So we have leadership change, and the money might be coming (sort of). We could be in big trouble!

I’ve seen numbers bandied around like $1,000,000,000 (that’s a billion dollars) for edtech in an Obama administration. Tom Hoffman dives in here. Wow, that should do it. We’ll all be swimming in tech!
WHAT? No, we won’t!?

No, that funding sounds adequate, but some have crunched the numbers and that funding level would not be adequate.

And that’s the point. We could get set-up here for another major fall. The problem as I see it is that a billion isn’t nearly enough, especially if it is spread around in some kind of “fair” manner so that every district and school gets its fair share. I know that seems like the right thing to do, but I’m not so sure.

See a billion is a lot of money AND it SOUNDS like a lot of money so in the publics’ mind edtech got all they money they could possibly need, so now we’ll really see if technology can and will make a difference in education. If they can’t get this to work with a billion then it just shows that technology integration and project-based, problem-based learning doesn’t work and teachers and school administrators are idiots and waste money … where’s the voucher and testing system? We need some accountability!!!!

One way it could help is if some model schools and districts were funded in an adequate manner by that money, bundled with vision and real leadership, and permission to REALLY try and do things differently. Not just tech integration and project-based activities, but also how assessment is done, what the day looks like, number of school days, field trip funding, cutting requirements to buy textbook programs, paying teachers to plan as part of their contract (ie – non-student days before, during and after the school year),  … I could go on. But then if these models are given the time to work and show that they work, funding will come for everyone else … well at least to some level. I think it is true that if the system works, the money will at least mostly follow.

If we just throw tech into basically the same system we have now? Well that’s what has been tried over and over … and failed miserably. And note that I haven’t even mentioned, well until now, the professional development that MUST happen before much of the tech shows up (and is that part of the billion? If so we need even more). This has to be thought through at every level or why bother?

I’d love to hear what others have to think about this. Am I way off here?

Learning is messy!

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9 Responses to So we have leadership change, and the money might be coming (sort of). We could be in big trouble!

  1. I’m just hoping it means that I won’t have to go begging every year for SLA laptops.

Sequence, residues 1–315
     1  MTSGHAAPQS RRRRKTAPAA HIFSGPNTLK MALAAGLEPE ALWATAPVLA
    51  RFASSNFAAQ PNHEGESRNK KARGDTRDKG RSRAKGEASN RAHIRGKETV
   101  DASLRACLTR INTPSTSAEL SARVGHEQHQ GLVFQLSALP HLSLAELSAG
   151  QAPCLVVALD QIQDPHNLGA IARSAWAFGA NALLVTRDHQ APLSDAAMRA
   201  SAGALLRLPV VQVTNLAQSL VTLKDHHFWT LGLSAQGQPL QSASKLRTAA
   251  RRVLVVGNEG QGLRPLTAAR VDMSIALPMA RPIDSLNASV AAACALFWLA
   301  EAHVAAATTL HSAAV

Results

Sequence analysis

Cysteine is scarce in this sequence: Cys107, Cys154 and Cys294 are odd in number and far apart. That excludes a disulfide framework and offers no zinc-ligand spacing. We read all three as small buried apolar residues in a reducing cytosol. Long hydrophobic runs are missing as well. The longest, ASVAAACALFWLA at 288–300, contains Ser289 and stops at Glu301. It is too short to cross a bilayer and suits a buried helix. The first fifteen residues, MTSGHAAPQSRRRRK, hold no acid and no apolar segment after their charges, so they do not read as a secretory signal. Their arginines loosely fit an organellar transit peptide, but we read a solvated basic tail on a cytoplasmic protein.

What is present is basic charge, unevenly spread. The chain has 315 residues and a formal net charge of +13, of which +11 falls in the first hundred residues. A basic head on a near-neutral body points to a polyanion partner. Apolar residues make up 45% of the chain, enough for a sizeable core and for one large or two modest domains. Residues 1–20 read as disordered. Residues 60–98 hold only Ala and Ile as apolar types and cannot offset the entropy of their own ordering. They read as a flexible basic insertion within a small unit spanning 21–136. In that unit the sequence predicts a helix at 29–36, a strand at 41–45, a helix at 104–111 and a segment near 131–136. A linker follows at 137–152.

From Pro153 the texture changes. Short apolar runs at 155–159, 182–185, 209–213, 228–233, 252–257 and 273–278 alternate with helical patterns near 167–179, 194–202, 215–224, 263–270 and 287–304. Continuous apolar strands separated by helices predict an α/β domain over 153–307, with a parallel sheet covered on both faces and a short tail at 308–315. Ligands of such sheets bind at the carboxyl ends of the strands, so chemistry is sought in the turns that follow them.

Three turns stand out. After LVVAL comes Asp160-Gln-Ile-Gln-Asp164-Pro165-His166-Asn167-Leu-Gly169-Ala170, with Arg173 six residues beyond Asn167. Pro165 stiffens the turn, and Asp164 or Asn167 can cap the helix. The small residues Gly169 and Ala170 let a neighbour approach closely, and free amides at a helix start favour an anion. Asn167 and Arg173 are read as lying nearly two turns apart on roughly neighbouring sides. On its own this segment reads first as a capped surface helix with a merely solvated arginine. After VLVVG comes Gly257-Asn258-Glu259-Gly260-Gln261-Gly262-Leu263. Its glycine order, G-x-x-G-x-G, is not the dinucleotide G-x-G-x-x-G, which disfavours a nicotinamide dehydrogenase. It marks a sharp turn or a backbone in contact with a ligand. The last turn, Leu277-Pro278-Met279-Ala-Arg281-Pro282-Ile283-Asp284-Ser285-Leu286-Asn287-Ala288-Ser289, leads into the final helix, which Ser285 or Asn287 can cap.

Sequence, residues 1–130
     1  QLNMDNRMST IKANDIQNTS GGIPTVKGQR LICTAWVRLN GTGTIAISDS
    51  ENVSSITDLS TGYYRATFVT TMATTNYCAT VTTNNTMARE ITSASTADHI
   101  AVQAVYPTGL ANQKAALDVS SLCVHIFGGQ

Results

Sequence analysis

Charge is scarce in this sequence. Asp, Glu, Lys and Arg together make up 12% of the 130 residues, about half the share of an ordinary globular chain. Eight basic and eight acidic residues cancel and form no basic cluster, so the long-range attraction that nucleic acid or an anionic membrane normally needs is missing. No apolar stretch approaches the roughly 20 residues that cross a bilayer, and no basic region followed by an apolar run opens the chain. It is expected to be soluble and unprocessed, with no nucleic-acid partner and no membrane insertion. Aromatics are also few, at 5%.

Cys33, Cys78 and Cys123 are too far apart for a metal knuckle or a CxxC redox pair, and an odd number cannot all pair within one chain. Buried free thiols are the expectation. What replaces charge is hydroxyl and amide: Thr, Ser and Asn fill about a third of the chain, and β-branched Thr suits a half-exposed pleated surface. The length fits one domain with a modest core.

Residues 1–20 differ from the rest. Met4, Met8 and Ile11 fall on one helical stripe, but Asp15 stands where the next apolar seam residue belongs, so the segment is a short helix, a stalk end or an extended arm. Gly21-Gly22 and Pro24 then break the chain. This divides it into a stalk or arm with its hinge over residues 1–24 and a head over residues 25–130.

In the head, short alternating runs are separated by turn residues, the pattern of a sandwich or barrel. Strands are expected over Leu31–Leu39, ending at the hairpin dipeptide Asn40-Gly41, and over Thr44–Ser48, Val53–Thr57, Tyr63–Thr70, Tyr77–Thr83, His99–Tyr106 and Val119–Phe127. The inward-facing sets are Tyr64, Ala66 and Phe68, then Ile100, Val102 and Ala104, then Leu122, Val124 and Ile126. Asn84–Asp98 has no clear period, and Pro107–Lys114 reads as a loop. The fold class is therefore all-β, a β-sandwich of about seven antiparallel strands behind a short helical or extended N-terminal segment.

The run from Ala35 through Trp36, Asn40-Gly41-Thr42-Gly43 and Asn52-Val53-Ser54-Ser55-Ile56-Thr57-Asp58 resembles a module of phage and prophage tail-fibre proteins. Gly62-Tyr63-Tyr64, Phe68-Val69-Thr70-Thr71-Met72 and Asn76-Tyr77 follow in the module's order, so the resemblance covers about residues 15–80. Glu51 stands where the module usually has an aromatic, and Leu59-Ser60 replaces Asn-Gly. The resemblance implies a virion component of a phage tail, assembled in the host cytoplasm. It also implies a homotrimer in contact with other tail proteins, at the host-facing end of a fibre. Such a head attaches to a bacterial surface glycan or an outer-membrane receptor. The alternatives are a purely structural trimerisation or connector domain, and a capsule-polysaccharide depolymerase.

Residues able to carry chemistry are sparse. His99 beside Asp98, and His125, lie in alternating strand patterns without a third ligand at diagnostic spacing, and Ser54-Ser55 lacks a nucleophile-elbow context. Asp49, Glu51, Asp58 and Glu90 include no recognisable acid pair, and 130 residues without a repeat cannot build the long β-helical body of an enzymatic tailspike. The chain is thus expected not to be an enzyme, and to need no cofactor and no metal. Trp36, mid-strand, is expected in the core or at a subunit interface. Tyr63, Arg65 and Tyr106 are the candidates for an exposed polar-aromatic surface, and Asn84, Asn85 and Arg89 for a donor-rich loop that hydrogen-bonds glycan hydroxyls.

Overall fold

2. Well as much as I would like to have some extra money to buy some accessories for my Promethean Board. I agree with you that by the time they spread the money around, teachers will get very little, individually, of it. Also, I have to agree that if the money would go to some model schools and they were given time, the country would see what we could do, and more funding would be found. I hope some changes are made with this adminstration, but I hope they don’t do more harm than good in the long run!

  3. I agree that the old system has failed miserably. In fact, I know of districts with money and technology(like mine) where there is plenty and yet it often is still not being used that innovatively as part of the school culture(as opposed to somewhere like SLA, Chris! )

    It takes a happy kismet of funding, leadership, buy in and school culture. Something that one would hope, as you mention Brian, that could be fostered along with this infusion of funds.

  4. Cathy Wolinsky says:

    If school means testing and data not creativity and innovation, then technology means online assessments, not multimedia projects and collaboration. What will we support?

  5. Looking forward to it funding a 1:1 program.

  6. I completely agree with part of your argument, Brian. It reminds me of Digital High School-funded computers gathering dust on classroom countertops. While a certain number of computers is essential, we need to invest equally in technology integration specialists, professional learning experiences, and curriculum development.

    I’m not sure that, in this day and age, a failure of technology funding to improve education would lead to the demise of ed tech. More likely, people would blame teachers instead ;-P

    Richard

  7. Bob says:

    What is the justification of spending 1¢ let alone $1 billion of federal tax dollars on education? The last time I read the Constitution, education was still not a right held to the federal government and the X Amendment reserved anything not specifically reserved to be a right of the states.

    The Supreme Court has even ruled that education is not a fundamental right, therefore not protected by the Constitution.

    Given that public education is not working properly, perhaps sorting out who is responsible would be a good place to begin before distributing $1 billion knowing it won’t get the job done.

  8. Brian says:

    Bob, short answer … What is the justification of spending 1c let alone trillions bailing out business? Where is that mentioned as a right protected by the constitution? Given that business is not working properly, perhaps sorting out who is responsible would be a great place to begin before distributing trillions of dollars knowing it won’t get the job done.

  9. Bob says:

    There is absolutely no justification for bailing out the businesses that have been getting money. I am in favor of letting banks, auto makers, etc. fend for themselves.

    None of that, however, has to do with education. Education is not a federal responsibility. That will improve both systems: education and government.

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